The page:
It’s appropriate that the vote for Round of the Year should happen on Christmas day, as 2011 certainly was a year of “give and take.” From the inhuman resilience of Porpramook-Yaegashi to the last-second turnaround of Concepcion-Marquez, fighters around the world gave generously of their leather and provided a multitude of three-minute memories for fans.
In the end, though, the contest came down to two candidates.
RingTV.com readers selected the first round of James Kirkland vs. Alfredo Angulo as the winner with 43.2 percent of the vote, followed by the sixth round of Andre Berto vs. Victor Ortiz at 35.8 percent. Rounding out the poll results were the opening round of the first fight between Luis Concepcion and Hernan Marquez (9 percent), the ninth round of Lamont Peterson vs. Amir Khan (7.5 percent), the first round of Brandon Rios vs. Urbano Antillon (2.9 percent), and the eighth round of Akira Yaegashi vs. Pornsawan Porpramook (1.7 percent).
Both Kirkland-Angulo and Berto-Ortiz featured fighters trading knockdowns, but it was perhaps the backstory that clinched it for the winner.
Kirkland, a much-heralded junior middleweight working his way back into the pro ranks after a year-long prison term, had suffered a shocking first-round defeat against relatively non-threatening Nobuhiro Ishida in April. Since then, he had reunited with trainer Ann Wolfe and chalked up a couple early KO wins, but the stigma of “exposed” hung over him and the boxing world’s loss of confidence showed in the betting odds.
Angulo was heavily favored to win by the press, but there were questions about his readiness, given that his activity that year had amounted to one minute and thirty-four seconds of work.
Moments before the bell on Nov. 5, Angulo was characteristically stoic and unreadable, while Kirkland’s face and movements revealed a somewhat more nervous energy. He put it to good use in the opening seconds, delivering quick combinations and strong left-handed shots that soon had Angulo in the unfamiliar position of moving backwards.
Just twenty-eight seconds in, though, Angulo was in the corner under fire when he almost casually wound up and then nailed Kirkland with a single straight right that dropped “The Mandingo Warrior” on his trunks. One could almost hear the collective mutterings of “told ya so” as everyone braced for a repeat of the Ishida fight.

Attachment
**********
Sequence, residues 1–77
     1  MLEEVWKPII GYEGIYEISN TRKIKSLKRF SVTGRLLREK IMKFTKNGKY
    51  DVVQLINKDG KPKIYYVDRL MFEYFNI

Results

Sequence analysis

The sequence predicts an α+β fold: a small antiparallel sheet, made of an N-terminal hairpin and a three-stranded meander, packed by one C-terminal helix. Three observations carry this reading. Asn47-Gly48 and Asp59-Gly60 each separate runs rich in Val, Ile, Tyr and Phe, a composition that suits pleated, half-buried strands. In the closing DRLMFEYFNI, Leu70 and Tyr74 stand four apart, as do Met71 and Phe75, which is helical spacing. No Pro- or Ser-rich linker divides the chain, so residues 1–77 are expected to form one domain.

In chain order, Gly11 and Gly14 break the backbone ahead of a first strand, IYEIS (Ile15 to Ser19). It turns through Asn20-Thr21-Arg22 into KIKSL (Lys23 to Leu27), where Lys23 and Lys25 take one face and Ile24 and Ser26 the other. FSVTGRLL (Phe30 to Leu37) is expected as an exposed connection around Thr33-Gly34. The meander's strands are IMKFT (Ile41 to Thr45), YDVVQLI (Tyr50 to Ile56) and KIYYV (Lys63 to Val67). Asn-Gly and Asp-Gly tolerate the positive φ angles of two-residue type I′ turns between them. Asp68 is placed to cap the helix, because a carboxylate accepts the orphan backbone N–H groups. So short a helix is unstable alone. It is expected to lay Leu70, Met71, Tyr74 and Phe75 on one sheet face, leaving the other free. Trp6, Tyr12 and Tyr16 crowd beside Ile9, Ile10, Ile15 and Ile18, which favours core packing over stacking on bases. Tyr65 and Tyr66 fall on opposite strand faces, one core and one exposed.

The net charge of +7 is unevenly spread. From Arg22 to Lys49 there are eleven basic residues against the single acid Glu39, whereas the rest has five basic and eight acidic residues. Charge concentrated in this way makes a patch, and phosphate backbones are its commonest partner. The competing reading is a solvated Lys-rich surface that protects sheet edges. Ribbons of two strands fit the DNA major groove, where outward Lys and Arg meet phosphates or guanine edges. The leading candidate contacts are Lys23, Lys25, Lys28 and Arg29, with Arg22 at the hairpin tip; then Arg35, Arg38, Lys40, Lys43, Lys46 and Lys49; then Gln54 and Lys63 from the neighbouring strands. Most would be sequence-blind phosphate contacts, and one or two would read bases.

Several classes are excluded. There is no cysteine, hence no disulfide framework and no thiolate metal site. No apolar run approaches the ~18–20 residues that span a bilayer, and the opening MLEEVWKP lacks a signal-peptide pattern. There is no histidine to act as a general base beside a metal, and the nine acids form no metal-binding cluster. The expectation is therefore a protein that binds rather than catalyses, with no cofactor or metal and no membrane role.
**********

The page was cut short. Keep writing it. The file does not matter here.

After that, Angulo was suddenly much more animated, pogo-sticking to a neutral corner to wait out the count. When the fight resumed he was all over Kirkland with a full complement of power shots, many of which found their mark as it was now Kirkland who tried to fend off his attacker while moving backwards. Halfway through the round when Kirkland staggered forward in a vain attempt to hold and found himself pinned in the corner by a barrage of heavy hands, it seemed like the end was imminent.
Whenever the storm of punches parted enough to provide a glimpse of Kirkland’s face, however, it was still composed, his eyes still looking for a chance. With a minute remaining, Angulo’s assault began to slow, his arms seemed to be filling with lead, and Kirkland pushed back.
From there the turning tide became a flood as Kirkland began to land clubbing right hands that put the exhausted Angulo’s ear on his shoulder. The attempts at retaliation got wider and more feeble as Kirkland seemed to gain strength with each punch. A straight left sent Angulo staggering halfway across the ring, and Kirkland was there to push his prey into the corner and set his feet for the final salvo. Angulo wilted under a series of monstrous left hands, finally succumbing and falling with 15 seconds remaining.
Angulo would rise and make it through the round, but the momentum of the fight had irrevocably changed. Kirkland would ultimately score a knockout in the sixth, giving us one of the most memorable upsets of the year.
Today’s RingTV.com readers’ choice year-end awards poll category is “Trainer of the Year.” Go to the poll section on the right side of the homepage to cast your vote now.